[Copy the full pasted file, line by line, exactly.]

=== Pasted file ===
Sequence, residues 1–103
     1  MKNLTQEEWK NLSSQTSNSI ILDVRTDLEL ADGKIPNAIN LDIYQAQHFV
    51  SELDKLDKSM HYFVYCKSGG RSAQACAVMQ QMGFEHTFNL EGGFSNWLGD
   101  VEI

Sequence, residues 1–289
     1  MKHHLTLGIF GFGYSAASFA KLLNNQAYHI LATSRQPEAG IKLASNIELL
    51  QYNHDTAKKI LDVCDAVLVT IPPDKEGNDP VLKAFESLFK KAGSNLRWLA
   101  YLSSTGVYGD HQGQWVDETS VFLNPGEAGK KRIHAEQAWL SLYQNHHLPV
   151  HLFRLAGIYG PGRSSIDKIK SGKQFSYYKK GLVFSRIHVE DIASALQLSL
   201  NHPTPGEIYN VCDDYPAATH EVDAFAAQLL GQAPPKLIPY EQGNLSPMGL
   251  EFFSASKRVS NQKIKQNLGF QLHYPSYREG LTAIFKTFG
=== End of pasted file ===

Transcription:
Sequence, residues 1–103
     1  MKNLTQEEWK NLSSQTSNSI ILDVRTDLEL ADGKIPNAIN LDIYQAQHFV
    51  SELDKLDKSM HYFVYCKSGG RSAQACAVMQ QMGFEHTFNL EGGFSNWLGD
   101  VEI

Sequence, residues 1–289
     1  MKHHLTLGIF GFGYSAASFA KLLNNQAYHI LATSRQPEAG IKLASNIELL
    51  QYNHDTAKKI LDVCDAVLVT IPPDKEGNDP VLKAFESLFK KAGSNLRWLA
   101  YLSSTGVYGD HQGQWVDETS VFLNPGEAGK KRIHAEQAWL SLYQNHHLPV
   151  HLFRLAGIYG PGRSSIDKIK SGKQFSYYKK GLVFSRIHVE DIASALQLSL
   201  NHPTPGEIYN VCDDYPAATH EVDAFAAQLL GQAPPKLIPY EQGNLSPMGL
   251  EFFSASKRVS NQKIKQNLGF QLHYPSYREG LTAIFKTFG